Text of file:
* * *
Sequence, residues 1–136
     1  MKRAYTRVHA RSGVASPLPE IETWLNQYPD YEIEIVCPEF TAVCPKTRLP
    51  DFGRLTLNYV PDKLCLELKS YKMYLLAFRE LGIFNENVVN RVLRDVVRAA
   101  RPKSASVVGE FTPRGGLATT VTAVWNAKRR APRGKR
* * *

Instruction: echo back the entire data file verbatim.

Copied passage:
Sequence, residues 1–136
     1  MKRAYTRVHA RSGVASPLPE IETWLNQYPD YEIEIVCPEF TAVCPKTRLP
    51  DFGRLTLNYV PDKLCLELKS YKMYLLAFRE LGIFNENVVN RVLRDVVRAA
   101  RPKSASVVGE FTPRGGLATT VTAVWNAKRR APRGKR